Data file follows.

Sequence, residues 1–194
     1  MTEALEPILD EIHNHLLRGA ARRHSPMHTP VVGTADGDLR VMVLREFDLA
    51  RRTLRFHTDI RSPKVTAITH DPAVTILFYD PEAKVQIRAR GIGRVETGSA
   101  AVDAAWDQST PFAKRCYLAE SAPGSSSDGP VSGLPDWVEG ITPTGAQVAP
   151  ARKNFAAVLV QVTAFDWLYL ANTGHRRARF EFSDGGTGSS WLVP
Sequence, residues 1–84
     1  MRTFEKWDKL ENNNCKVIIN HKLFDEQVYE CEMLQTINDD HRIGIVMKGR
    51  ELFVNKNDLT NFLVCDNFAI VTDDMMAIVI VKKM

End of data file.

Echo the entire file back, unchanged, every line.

Sequence, residues 1–194
     1  MTEALEPILD EIHNHLLRGA ARRHSPMHTP VVGTADGDLR VMVLREFDLA
    51  RRTLRFHTDI RSPKVTAITH DPAVTILFYD PEAKVQIRAR GIGRVETGSA
   101  AVDAAWDQST PFAKRCYLAE SAPGSSSDGP VSGLPDWVEG ITPTGAQVAP
   151  ARKNFAAVLV QVTAFDWLYL ANTGHRRARF EFSDGGTGSS WLVP
Sequence, residues 1–84
     1  MRTFEKWDKL ENNNCKVIIN HKLFDEQVYE CEMLQTINDD HRIGIVMKGR
    51  ELFVNKNDLT NFLVCDNFAI VTDDMMAIVI VKKM